Posts tagged South America
The Continuing Tale of Circle Hooks in Brazil

Incidental capture of sea turtles in pelagic and coastal fisheries (also called bycatch) is arguably the greatest threat to sea turtles worldwide. Yet, until recently, there was practically no information regarding sea turtle interactions with longline fisheries in the southwestern Atlantic Ocean. The first studies about this topic were made public by Uruguayan researchers in 1998, the same year that Brazilian researchers presented a report about the incidental capture of loggerhead turtles by longline vessels in Brazil. Although the government insisted that incidental capture was very low, Brazilian NGOs such as Projeto TAMAR asserted the opposite.

Read More
Addressing the Plastic Pollution Challenge in Uruguay

In Uruguay, the threat of plastic pollution looms large in an area considered to be an important foraging and developmental habitat for sea turtles in the southwestern Atlantic Ocean. In recent years, NGO Karumbé has focused in on the issue of plastic pollution through strong community engagement programs designed to embed conservation ethics in the Uruguayan people.

Read More
Scientific Tourism, Fibropapillomatosis, and Learning to Stay Out of Nature's Way

It is seven o’clock in the morning, and we are on an old wooden pier in a mangrove swamp on the south coast of Bahia, Brazil. After a night spent on a bus, our group boards two traditional fishing boats heading to Coroa Vermelha Island, a coral reef 13 kilometers offshore. Students of veterinary medicine and biology, journalists, an economist, an architect, a sales representative, and a retiree. Our shared goal is to capture juvenile green turtles, looking for signs of an all-too-common disease.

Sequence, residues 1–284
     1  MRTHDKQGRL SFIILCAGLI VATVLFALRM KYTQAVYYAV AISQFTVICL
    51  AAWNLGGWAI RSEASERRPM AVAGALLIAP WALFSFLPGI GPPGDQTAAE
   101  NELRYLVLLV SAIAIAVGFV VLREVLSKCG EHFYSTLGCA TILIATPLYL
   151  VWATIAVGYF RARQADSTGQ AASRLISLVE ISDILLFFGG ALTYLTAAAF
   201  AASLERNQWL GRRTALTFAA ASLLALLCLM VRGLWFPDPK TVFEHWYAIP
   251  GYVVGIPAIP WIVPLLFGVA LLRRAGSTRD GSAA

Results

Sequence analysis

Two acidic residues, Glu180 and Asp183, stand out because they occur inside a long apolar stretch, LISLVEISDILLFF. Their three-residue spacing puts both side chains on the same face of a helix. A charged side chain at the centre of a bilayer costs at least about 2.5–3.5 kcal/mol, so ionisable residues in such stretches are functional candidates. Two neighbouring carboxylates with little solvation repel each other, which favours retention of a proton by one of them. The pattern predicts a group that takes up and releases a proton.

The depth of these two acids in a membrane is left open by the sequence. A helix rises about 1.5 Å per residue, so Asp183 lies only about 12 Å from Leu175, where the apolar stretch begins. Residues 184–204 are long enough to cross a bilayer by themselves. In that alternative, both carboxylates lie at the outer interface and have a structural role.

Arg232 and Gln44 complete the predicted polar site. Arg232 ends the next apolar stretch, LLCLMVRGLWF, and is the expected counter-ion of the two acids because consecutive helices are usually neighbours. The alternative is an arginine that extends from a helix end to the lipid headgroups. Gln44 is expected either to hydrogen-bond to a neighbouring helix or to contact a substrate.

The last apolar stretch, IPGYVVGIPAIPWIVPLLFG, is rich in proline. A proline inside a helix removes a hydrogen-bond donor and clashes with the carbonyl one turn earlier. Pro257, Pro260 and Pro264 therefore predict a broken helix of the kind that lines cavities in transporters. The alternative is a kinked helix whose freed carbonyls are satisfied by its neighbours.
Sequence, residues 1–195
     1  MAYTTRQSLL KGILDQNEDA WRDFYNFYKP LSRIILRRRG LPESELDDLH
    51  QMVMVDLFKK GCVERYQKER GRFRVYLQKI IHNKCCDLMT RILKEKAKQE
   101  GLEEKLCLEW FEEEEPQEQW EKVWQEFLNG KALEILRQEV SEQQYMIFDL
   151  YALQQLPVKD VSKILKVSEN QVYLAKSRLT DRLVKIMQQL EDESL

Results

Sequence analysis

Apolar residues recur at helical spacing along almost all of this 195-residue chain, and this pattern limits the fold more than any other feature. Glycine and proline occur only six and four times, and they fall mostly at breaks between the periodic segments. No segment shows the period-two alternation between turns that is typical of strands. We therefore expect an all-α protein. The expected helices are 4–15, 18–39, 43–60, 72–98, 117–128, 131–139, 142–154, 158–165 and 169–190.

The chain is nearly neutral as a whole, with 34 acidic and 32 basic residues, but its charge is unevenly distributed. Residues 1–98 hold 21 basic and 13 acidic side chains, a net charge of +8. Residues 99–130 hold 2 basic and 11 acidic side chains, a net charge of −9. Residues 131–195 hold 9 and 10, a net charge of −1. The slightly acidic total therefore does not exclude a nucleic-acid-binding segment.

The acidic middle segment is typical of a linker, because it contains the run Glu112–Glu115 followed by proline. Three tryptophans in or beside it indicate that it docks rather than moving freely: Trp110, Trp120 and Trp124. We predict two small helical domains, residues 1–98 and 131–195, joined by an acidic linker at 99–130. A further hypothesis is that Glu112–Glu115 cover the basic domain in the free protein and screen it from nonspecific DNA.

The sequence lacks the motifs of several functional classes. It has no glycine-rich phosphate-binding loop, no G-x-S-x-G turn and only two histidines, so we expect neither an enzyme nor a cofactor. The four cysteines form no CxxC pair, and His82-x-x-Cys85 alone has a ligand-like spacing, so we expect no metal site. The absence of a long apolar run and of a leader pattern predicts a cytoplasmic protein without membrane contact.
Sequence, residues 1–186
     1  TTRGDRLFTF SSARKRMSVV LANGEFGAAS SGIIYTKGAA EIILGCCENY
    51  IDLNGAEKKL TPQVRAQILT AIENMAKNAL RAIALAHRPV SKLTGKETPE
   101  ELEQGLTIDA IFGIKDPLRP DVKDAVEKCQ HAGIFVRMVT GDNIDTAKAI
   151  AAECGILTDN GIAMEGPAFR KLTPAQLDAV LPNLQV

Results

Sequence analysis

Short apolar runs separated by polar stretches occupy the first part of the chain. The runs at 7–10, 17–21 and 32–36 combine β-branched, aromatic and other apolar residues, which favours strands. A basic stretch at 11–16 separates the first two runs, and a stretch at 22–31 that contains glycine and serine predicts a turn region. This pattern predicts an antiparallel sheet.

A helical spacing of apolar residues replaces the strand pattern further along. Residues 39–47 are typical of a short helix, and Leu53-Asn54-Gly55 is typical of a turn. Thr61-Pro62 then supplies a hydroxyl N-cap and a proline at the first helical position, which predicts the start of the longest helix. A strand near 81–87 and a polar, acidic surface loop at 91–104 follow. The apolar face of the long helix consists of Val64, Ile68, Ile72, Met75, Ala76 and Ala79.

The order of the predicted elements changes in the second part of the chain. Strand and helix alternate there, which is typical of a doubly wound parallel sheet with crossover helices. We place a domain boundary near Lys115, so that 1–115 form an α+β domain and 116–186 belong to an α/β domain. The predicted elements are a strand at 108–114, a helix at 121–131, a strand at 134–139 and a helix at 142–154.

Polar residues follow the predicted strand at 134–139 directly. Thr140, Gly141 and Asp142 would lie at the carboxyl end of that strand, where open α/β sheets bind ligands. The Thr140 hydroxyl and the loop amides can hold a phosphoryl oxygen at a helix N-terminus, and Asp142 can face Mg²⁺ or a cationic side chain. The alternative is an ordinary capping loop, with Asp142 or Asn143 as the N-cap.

Read More
Itapuã, Brazil: A Case Study for Urban Engagement in Turtle Conservation

When TAMAR started monitoring Itapuã beach in 1990, staff had to relocate nearly all nests to ensure that hatchlings would survive. Thanks to years of working with local stakeholders, coordinated social media campaigns, and public outreach. In the ensuing years, enhanced local participation in the protection efforts made it possible to increase in situ protection of nests from only 3 nests to 140 over the course of nearly 3 decades.

Read More
Why Europe Needs to Adopt Turtle Excluder Devices

TEDs are a simple but elegant solution for minimizing sea turtle bycatch in trawl fisheries. As such, they are now mandated by many governments around the world and their use is enforced. However, Europe, which is the largest market for fisheries products in the world, has no such regulation and provides an alternative market for countries that do not use TEDs.

Read More
Building Bycatch Solutions from the Ground Up for the East Pacific Leatherback

The East Pacific population of the leatherback is one of the world’s most threatened marine turtle regional management units, due in large part to bycatch of leatherbacks in foraging grounds. There may now be fewer than 1,000 adult females in this population owing to a combination of fisheries bycatch, egg harvesting, and other threats. As such, an expert working group was assembled to develop a 10-year regional action plan to halt and reverse the decline of the East Pacific leatherback turtle.

Read More
The Wayuu: Shepherds of the Sea

The Wayuu, of northern South America, consider themselves to be the protectors and custodians of an ancient culture based on maintaining a harmonious alliance with nature. Like many other indigenous groups around the world, the Wayuu revere turtles to this day for their spiritual and cultural values and as a source of food, medicine, and other products that are crucial to their daily lives.

Read More
A Dam Disaster in Brazil and Its Impacts on Distant Sea Turtle Beaches

The recent collapse of a tailings dam at a Samarco ore mine in the municipality of Mariana, Minas Gerais, Brazil, is now being called the worst environmental disaster in the country’s history. In the state of Espírito Santo at the mouth of the Rio Doce, pollutants ultimately despoiled globally important leatherback and loggerhead nesting beaches.

Read More